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When my daughter died in 2005, I wrote young adult novels. I don’t know that I’d call them “happy stories,” but they were often called “clean reads” because they didn’t have “content” or “swears” and I’m still proud of them, in a way, though it feels like someone else wrote them. I gave talks about how to choose the more marketable story ideas to write and I believed in my own shit.

I don’t feel like I am the one choosing the stories I write anymore. I believe that someone/something/the universe calls me to write stories. Some mornings I wake up and feel called to write something that had never occurred to me before. And so I write it.

I try to leave myself open to this call. Even if I’m working around deadlines for contracted books, I want to make sure that the universe can be attended to.

If I don’t listen, then maybe the calls won’t come anymore.

Is this the “lesson” I was supposed to learn? To write the stories that God (if that’s who is calling me to write) inspires/pesters me to tell? I no longer think that God works that way. I think that whatever form or personality God takes, God has less interest in us learning particular lessons and more interest in having a relationship with our true selves. So our job is to always go deeper and find the truer self that is still hiding.

That is a lesson I learned from Mercy’s death. There are so many good lessons. And somehow, not one of them is good enough to justify her dying. Not one of them makes me say, it was worth it.

I remember reading that Emma Thompson said once that “I really like human beings who have suffered because they’re kinder,” and I was angry about it. If you read the whole quote, you’ll see that she didn’t really like admitting it, either.

I’m not sure what I think about it now. There’s truth in it. People who have suffered tend to see pain more easily in others, and to know how to help it. They tend not to make assumptions and they know which are the terribly wrong things to say.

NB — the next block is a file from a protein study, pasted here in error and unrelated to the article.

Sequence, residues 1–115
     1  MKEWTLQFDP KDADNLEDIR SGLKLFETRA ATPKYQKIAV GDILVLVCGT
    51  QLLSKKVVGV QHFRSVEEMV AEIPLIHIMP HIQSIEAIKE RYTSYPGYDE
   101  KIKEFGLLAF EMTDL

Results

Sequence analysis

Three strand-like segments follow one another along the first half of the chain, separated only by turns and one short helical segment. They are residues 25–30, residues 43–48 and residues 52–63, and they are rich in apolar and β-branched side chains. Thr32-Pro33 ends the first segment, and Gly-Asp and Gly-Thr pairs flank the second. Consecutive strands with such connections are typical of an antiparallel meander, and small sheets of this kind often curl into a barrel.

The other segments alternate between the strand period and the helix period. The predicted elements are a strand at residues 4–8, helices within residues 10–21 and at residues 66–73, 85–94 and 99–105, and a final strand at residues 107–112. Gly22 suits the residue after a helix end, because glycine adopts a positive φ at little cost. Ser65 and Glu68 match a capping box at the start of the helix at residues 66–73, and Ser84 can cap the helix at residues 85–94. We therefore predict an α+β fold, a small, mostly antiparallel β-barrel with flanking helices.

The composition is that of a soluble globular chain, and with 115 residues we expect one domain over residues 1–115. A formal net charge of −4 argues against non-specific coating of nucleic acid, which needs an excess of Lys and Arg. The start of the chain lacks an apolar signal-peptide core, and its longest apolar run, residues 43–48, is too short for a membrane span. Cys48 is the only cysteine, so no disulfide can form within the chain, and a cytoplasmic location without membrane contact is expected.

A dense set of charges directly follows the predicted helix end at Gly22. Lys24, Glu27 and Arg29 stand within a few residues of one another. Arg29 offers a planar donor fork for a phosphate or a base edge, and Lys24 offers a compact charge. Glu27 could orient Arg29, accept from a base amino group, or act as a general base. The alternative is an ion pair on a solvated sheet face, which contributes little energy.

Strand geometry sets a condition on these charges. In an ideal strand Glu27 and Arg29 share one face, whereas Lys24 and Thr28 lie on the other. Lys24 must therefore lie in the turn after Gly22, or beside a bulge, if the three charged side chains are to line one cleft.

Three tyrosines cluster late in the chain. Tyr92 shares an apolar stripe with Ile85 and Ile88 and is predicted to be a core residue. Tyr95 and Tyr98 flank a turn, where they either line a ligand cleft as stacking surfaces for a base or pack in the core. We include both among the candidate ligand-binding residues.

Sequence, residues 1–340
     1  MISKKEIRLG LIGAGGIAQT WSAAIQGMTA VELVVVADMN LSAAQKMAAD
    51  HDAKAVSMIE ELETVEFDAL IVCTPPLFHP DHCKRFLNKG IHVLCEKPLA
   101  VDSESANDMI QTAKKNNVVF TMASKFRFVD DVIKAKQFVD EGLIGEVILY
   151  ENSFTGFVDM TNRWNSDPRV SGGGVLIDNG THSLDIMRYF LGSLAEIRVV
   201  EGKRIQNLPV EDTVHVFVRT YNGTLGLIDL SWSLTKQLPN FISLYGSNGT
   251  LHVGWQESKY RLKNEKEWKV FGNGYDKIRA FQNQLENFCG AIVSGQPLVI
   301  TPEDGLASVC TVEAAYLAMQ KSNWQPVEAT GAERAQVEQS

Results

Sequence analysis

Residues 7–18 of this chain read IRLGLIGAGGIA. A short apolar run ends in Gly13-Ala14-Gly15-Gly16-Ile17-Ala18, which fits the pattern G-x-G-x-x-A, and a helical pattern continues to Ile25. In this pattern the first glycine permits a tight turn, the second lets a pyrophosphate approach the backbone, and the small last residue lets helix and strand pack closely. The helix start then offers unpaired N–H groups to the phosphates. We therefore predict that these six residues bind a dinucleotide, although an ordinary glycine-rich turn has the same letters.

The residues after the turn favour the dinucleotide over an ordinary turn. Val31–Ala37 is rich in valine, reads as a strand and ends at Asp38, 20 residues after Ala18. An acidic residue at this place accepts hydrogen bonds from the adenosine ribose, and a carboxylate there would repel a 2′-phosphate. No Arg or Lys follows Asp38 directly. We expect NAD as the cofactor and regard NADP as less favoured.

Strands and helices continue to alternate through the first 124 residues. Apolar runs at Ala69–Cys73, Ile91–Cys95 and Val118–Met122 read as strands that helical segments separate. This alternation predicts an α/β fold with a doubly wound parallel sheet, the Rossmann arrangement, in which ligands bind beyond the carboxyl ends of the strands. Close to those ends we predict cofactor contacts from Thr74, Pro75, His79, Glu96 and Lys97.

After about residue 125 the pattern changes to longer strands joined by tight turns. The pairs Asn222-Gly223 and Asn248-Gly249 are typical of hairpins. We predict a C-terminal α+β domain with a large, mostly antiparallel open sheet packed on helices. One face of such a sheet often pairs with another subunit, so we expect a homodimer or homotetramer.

But is that the same as saying that God wants us to have painful experiences so that we learn lessons? I don’t think so. I suppose what I believe is that life gives us plenty of painful experiences just fine without God’s intervention. I like to believe that I would have learned compassion without having my innocent daughter taken away from this life. But is it true? I don’t know. I really don’t.

Still, if I had to choose between a living daughter and my own compassion, I’d choose her. If I had to choose between her life and all the best-selling, award-winning, great Mormon novels that I’ve written since her death, and add to those all the books I might yet write — I would still burn them all down and take her hand in my own and bring her home with me.

But that isn’t one of my choices. And so my books are in some weird way a monument to her. Not to the child she would have been, because I have no idea about that. My writing is a monument to the hole that should have been filled with her. My writing is a howl into the void, a demand that she not be forgotten, even if I don’t know who she might have been.

This is what I do as a mother, and a writer, and as a new person born of grief.

Author of The Bishop’s Wife mystery series, The Mormon Sabbatical Podcast, Princeton PhD, fiction editor at Exponent II, autist, she/her

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